Eighty years ago, in April 1937, The Salvation Army headquarters in Stockholm, Sweden published Commissioner Karl Larsson’s book, Ten Years in Russia. The book received wide attention and was reprinted in several editions. Disappointingly, it was never translated into the English language, which meant that its story never became known outside the Scandinavian countries. The Second World War placed obstacles in the way of many enterprises and the wider distribution of the book was presumably among them.
Commissioner Karl Larsson was a strategist and possessed a work capacity and acumen without equal. Despite the Larsson’s demanding schedule as territorial leaders with a far-reaching travel agenda, he found time every week to write articles in the War Cry with a focus on making society more wholesome, and to write numerous books.
Now, with the publication of Sven Ljungholm’s book. Return to Battle in Russia and Beyond, a wide chasm is bridged dating from the early twentieth century pioneers to the present day. The fact that Sven Ljungholm’s grandparents, Brigadiers Otto and Gerda Ljungholm were among the Swedish officers who constituted the pioneer team, and that he was among those who re-planted the Salvation banner in Russia makes the book especially compelling, relevant and vibrant by the inclusion of familiar experience. He has, through his book, summarized the early pioneers’ struggle and amplified it by the inclusion of his own and his wife’s experiences when returning to re-establish the work (Volume Two). The summary he provides of the Army’s in-progress and Russian historical events and the concurrent political development offers a meaningful perspective for readers.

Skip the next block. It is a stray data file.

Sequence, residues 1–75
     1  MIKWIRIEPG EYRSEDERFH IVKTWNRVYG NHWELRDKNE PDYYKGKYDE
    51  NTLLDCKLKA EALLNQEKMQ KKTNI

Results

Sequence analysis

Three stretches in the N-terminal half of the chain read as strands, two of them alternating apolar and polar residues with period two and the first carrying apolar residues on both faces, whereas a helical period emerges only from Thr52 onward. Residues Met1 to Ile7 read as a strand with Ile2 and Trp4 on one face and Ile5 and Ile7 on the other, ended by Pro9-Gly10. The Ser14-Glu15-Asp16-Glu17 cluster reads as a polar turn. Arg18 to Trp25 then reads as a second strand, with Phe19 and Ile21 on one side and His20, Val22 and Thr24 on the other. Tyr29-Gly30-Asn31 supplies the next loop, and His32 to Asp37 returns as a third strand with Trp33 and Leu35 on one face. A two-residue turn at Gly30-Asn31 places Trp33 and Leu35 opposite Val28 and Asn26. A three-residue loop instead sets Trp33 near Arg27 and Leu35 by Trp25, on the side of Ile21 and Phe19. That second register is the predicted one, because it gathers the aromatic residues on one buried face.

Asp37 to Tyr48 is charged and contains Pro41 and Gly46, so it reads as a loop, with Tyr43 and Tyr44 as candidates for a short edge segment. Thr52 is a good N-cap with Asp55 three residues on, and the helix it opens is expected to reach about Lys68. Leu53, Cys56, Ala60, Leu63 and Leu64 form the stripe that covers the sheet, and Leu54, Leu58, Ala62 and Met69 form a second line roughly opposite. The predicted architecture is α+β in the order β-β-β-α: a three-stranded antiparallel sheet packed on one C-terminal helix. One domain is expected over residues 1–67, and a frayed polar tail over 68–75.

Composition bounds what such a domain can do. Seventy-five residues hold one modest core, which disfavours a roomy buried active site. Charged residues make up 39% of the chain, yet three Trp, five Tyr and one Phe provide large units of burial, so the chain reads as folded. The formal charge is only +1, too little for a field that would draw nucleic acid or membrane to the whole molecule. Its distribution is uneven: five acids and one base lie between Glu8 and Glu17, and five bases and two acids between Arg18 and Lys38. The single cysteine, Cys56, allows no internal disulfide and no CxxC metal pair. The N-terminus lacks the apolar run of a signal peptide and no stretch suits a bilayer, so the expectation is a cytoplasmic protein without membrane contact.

On a personal level I sensed a link to the pioneer work in my childhood when I heard my parents speak about their comrade soldier Captain Hulda Nord, who was a member of the early pioneering team. In my home hangs a simple, but treasured, painting depicting the Ural Mountains in Russia that the pioneer Salvationist gifted to my parents.
The book, which you the reader are now holding, depicts a thrilling and adventurous era of the Salvation Army’s history. It’s a story of love for the Russian people and the pioneers’ zeal to bring the Gospel message to the vast Russian empire.
It’s with pleasure that I commend this book and thank Sven Ljungholm who so skillfully interpreted this holy adventure. Through the research conducted, coupled with his zealous documentation, he has bequeathed The Salvation Army with one more treasured chapter in the church’s heroic history.